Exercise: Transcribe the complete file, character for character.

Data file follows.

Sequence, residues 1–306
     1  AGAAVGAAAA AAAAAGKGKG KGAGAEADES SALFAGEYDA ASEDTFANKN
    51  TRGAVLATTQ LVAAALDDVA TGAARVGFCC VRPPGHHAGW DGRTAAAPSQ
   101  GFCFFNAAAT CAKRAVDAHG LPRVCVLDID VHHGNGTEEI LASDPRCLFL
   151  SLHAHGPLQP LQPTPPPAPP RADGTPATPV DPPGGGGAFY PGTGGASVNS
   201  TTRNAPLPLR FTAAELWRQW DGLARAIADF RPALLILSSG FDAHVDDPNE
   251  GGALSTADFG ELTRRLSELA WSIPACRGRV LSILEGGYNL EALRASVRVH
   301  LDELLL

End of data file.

Sequence, residues 1–306
     1  AGAAVGAAAA AAAAAGKGKG KGAGAEADES SALFAGEYDA ASEDTFANKN
    51  TRGAVLATTQ LVAAALDDVA TGAARVGFCC VRPPGHHAGW DGRTAAAPSQ
   101  GFCFFNAAAT CAKRAVDAHG LPRVCVLDID VHHGNGTEEI LASDPRCLFL
   151  SLHAHGPLQP LQPTPPPAPP RADGTPATPV DPPGGGGAFY PGTGGASVNS
   201  TTRNAPLPLR FTAAELWRQW DGLARAIADF RPALLILSSG FDAHVDDPNE
   251  GGALSTADFG ELTRRLSELA WSIPACRGRV LSILEGGYNL EALRASVRVH
   301  LDELLL